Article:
Mar 22, 2015
Small Business Opportunities in a Transportation Transition
Jim Houser is not your typical small business owner. In his 30-plus years running a repair garage, he’s witnessed a subtle but substantial revolution: that of the automobile. “We work extensively on both domestic and imported vehicles,” Jim says. “I’ve seen the cars I work on become more energy-efficient as consumers embrace technological innovation.” And with that embrace, new opportunities are born - to increase employee knowledge and specialization, grow the business, specialize in new areas of the industry, and most notably, to offer more local jobs.
“I’m excited about these opportunities! Things are changing, and changing fast. From hybrids with solar panels on the roof, to plug-ins you can drive for most of your daily routine, after charging them from a regular wall outlet, while you sleep. These technologies are practical and viable.”
Jim sees the clean-energy economy is no longer a pie-in-the-sky, far-reaching idea. It’s here. It’s with great enthusiasm he talks about the potential of continuing innovation in this area. He explains that every certified mechanic has the basic skill set to work on alternative-fuel vehicles. “It’s not too difficult or costly to get trained, and the investment in new tools is pretty minimal.” With this investment, an auto repair shop like Jim’s can expand into a whole new business stream.
“Right now we work on two to three hybrids a day”, Jim says, “and we’re also the warranty service center for an entire make of EV’s. There is so much potential here if we continue to invest in these technologies.”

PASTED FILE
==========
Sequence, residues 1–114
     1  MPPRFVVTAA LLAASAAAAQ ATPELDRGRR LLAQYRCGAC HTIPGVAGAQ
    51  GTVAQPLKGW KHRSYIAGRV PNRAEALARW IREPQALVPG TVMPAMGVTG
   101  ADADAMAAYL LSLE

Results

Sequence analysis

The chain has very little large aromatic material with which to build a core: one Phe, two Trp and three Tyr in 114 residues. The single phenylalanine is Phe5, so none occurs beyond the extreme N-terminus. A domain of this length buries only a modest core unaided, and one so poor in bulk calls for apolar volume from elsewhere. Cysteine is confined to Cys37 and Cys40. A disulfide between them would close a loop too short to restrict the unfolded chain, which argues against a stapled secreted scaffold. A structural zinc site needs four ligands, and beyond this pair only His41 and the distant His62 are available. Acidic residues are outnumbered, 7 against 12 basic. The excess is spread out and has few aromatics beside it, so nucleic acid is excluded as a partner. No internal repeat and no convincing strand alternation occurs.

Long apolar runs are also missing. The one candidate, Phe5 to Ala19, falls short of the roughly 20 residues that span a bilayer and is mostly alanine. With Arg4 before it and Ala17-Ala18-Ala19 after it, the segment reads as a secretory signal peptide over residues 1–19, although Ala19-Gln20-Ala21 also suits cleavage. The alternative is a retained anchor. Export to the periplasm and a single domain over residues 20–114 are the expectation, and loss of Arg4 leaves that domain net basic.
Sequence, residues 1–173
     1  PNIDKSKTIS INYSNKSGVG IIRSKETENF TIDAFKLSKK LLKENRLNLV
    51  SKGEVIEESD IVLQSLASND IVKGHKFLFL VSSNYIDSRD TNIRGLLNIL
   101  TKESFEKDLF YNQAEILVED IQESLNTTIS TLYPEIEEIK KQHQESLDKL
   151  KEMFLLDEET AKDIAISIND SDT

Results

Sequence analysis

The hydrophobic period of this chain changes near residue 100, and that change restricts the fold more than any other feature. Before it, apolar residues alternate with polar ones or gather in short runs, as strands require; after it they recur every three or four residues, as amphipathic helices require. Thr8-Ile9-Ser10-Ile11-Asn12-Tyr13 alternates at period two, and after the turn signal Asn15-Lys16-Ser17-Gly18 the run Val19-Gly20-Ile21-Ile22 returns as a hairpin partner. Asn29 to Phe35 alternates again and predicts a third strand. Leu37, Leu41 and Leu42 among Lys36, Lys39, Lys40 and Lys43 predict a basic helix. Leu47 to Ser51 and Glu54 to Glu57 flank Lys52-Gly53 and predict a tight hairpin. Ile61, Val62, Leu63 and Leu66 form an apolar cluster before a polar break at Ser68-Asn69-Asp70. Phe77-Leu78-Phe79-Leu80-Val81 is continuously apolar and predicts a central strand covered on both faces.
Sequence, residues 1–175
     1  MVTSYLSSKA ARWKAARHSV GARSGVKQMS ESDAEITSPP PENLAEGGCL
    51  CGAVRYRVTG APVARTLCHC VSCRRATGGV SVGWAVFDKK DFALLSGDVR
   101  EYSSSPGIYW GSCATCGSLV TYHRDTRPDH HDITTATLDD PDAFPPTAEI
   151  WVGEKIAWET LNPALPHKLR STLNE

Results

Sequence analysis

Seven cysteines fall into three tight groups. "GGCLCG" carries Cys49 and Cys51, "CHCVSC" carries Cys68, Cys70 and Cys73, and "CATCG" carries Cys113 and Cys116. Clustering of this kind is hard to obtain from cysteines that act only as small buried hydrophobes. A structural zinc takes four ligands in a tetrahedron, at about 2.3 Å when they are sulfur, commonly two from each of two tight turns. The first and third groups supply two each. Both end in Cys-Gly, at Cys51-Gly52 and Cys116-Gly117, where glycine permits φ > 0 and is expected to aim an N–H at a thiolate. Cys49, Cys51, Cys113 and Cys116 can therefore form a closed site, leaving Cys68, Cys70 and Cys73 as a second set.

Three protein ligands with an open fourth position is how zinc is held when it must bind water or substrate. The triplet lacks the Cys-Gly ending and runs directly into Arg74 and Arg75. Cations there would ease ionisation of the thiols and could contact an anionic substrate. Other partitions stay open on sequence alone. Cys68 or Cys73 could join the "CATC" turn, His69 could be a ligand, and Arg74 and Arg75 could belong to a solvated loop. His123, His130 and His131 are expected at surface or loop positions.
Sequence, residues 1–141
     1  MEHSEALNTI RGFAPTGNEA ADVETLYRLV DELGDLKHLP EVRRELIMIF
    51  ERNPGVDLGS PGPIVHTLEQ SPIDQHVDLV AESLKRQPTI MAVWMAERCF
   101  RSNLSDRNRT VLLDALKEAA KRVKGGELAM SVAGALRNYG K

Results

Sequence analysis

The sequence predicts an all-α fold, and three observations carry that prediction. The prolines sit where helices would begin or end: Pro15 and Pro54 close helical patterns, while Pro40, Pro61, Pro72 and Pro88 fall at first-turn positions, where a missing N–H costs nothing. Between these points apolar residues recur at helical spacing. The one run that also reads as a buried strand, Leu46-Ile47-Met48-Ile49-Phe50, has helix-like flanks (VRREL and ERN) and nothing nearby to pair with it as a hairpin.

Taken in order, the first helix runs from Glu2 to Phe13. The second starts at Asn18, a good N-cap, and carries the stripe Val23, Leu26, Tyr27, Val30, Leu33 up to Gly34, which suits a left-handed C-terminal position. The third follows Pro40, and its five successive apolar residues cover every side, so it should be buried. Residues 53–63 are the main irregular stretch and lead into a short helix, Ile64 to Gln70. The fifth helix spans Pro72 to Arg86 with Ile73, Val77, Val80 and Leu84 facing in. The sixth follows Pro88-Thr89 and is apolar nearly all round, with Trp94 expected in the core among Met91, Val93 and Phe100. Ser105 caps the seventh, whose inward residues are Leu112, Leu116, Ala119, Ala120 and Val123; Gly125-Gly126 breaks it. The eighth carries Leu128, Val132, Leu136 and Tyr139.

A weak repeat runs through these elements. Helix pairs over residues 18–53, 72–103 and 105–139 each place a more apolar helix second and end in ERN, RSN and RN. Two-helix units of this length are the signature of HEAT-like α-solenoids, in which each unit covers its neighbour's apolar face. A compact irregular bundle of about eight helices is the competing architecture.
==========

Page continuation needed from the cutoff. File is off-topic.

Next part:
Oregon is truly a pioneer in technological innovation. Coined “the Silicon Forest,” Oregon is home to known innovative companies like Intel, Nike, FEI and SolarWorld, to name a few. We can further Oregon’s role as an innovative state through further investment in a clean, energy-efficient economy. Jim’s business is but one example of this. In addition to performing repairs of alternative-fuel vehicles, they work with organizations like Drive Oregon to repurpose high-voltage EV/hybrid batteries for new uses. Jim placed solar panels on the roof of Hawthorne Auto Clinic in 2008, making the energy spent on performing repair work even cleaner.
“We have a whole range of alternative technologies at our disposal”, says Jim. We just have to invest in the infrastructure. The more we invest, the less expensive it is for the regular consumer and small business owners to utilize these technologies.”
Jim hopes to see Oregon continue its pioneering spirit through leading the way in the creation of a renewable, clean-energy economy. He believes that with more investment in alternative energies, small business owners like him can support local job creation and run thriving businesses. He knows this, because he’s experienced it first-hand.